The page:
United Kingdom, Cambridge

Literature Summer Programme

when 7 July 2019 - 3 August 2019
language English
duration 4 weeks

This programme gives you an experience of 'Cambridge English', with its emphasis on small group teaching, close attention to the actual text, and radical inquiry into why literature matters. Enthusiastic lecturers draw on writings of many different kinds and periods to offer a rich variety of voices and approaches. The programme attracts a mix of students of all ages, from the widely read to keen beginners, to study world-renowned poets, playwrights and novelists.

The academic programme
• Four courses (two per week)
• Series of plenary lectures: Relationships
• Evening talks
• Contact hours: up to 49 hours per term

Programme description
Our lecturers are chosen for their expertise and their enthusiasm for the subject. Participants from a wide range of cultures and backgrounds sharing views makes the programme a stimulating and rewarding experience for all.

"The Literature Summer Programme allows us to enjoy the experience of reading and thinking together as we immerse ourselves in inspiring words and powerful ideas."
Dr Jenny Bavidge, Joint Programme Director, Literature Summer Programme


You choose one morning and one afternoon course per week, each has five sessions. The maximum class size is 25 participants.

TERM I (7 – 20 July)

Week 1:
9.15am – 10.45am
Ga1 - King Lear
Ga2 - Being human: Kazuo Ishiguro’s The Remains of the Day and Never Let Me Go
Ga3 - Tears and laughter: the Irish comic novel
Ga4 - Poetry and protest: William Blake and TS Eliot

2.00pm – 3.30pm
Ha1 - The tragic South: literature of the American South
Ha2 - An introduction to the Bloomsbury Group
Ha3 - 21st-century fiction and the ghosts of Modernism
Ha4 - Understanding poetry

Week 2:
9.15am – 10.45am
Gb1 - John Keats: 'Beauty that must die'
Gb2 - Great short stories of the 20th century
Gb3 - A journey through James Joyce's Ulysses
Gb4 - Criminality in 20th-century film: The Third Man, The Ladykillers and Psycho

2.00pm – 3.30pm
Hb1 - American nightmares: Nabokov's Lolita and Roth's The Plot Against America
Hb2 - Loves in literature
Hb3 - Female perspectives on World War I: Vera Brittain and Winifred Holtby
Hb4 - Understanding poetry

TERM II (21 July – 3 August)

Week 1:
9.15am – 10.45am
Gc1 - Charles Dickens: Oliver Twist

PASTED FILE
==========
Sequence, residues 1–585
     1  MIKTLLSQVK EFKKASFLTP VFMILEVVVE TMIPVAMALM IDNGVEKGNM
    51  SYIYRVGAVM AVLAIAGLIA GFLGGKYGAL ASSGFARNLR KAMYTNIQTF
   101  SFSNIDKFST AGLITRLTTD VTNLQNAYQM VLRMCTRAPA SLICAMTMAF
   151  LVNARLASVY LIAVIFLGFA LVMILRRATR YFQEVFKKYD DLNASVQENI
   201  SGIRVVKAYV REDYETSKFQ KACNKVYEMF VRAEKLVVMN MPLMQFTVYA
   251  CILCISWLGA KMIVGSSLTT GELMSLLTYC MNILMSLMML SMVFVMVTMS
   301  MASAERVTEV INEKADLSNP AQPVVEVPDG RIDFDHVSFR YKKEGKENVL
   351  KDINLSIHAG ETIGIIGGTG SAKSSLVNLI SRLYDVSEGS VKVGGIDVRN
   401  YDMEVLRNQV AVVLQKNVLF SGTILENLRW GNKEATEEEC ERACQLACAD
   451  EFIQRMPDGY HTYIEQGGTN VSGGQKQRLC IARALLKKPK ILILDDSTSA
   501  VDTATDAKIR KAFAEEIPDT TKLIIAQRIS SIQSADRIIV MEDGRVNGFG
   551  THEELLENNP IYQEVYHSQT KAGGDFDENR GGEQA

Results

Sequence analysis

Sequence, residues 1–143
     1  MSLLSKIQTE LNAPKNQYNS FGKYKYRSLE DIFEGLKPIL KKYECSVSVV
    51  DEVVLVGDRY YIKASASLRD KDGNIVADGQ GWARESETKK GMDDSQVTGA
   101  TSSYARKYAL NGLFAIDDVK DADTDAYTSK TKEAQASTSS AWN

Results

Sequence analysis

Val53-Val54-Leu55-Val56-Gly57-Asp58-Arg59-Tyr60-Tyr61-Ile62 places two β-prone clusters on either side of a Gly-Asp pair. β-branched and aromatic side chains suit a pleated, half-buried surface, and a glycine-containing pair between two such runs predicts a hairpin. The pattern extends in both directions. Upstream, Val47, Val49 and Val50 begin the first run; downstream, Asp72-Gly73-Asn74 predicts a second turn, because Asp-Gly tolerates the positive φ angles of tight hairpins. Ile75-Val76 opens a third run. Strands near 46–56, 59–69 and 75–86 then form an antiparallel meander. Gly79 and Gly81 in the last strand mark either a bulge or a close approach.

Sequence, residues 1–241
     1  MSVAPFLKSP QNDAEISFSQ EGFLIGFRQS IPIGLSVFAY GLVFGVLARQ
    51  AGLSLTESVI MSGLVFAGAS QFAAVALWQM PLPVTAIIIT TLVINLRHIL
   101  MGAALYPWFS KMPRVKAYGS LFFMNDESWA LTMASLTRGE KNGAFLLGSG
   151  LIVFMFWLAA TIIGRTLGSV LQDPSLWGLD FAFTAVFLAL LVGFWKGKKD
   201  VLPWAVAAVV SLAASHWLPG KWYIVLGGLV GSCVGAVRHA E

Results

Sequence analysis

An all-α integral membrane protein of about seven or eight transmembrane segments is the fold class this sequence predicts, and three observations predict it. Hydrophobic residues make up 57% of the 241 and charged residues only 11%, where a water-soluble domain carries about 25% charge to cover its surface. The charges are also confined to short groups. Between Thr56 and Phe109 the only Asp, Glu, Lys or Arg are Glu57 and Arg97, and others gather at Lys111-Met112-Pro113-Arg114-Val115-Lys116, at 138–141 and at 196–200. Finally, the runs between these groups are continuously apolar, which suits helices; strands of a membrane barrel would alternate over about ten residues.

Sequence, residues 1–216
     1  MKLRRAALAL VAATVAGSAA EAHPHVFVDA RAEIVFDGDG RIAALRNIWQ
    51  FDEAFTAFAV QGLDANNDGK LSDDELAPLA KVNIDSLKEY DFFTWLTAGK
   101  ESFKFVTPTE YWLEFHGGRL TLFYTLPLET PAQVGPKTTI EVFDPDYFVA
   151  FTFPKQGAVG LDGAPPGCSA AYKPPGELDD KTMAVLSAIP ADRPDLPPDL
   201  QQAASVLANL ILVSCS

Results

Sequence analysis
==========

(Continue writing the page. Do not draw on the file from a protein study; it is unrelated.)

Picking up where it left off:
Gc2 - An introduction to Aeschylus, father of Greek tragedy
Gc3 - Jane Austen: light and shade
Gc4 - The Anglo-American encounter with Italy: Henry James and EM Forster

2.00pm – 3.30pm
Hc1 - The philosophy of literature: morality, creativity and understanding
Hc2 - Reading Virginia Woolf: To the Lighthouse and A Room of One's Own
Hc3 - Power and wonder in Shakespeare's The Tempest
Hc4 - Three great Young Adult fantasists: Pullman, Rowling, Nix

Week 2:
9.15am – 10.45am
Gd1 - WB Yeats: 10 great lyric poems
Gd2 - An introduction to Homer: the Iliad and the Odyssey
Gd3 - Dangerous books for girls? Fairy tales past and present
Gd4 - Facing the fear: Dr Jekyll and Mr Hyde and The Hound of the Baskervilles

2.00pm – 3.30pm
Hd1 - The philosophy of literature: what can we learn from literary fiction?
Hd2 - Reading Virginia Woolf: Mrs Dalloway and The Years
Hd3 - Shakespeare and self-knowledge
Hd4 - Three great British fantasists: Lewis Carroll, Mervyn Peake, JRR Tolkien

Plenary lectures
Our speakers will explore the factors - social, biographical, and intellectual - that go into the making of literary works, including how writers respond to works by predecessors and contemporaries. We shall also investigate how characters in fiction work upon one another, and how literature influences its readers' behaviour and ideas.

Evening talks
Eminent speakers will present a variety of general interest talks. These are shared with students on our other programmes.

Course leader

Dr Fred Parker
Dr Jenny Bavidge

Target group

We welcome those coming from any background with a real commitment to the subject. Many courses offer introductions to new subject areas, others are a little more specialised. Classes allow for close and continuing discussion, and you will be expected to have done substantial preparatory reading before you arrive.

Credits info

The University of Cambridge does not use a credit system for the awarding of its internal degrees, and cannot award credit directly for its International Summer Programmes. Students wishing to obtain credit as a result of our evaluation should consult their own institutions in advance about the acceptability of the Summer Programmes evaluation for credit purposes.

Fee info

GBP 0: See official website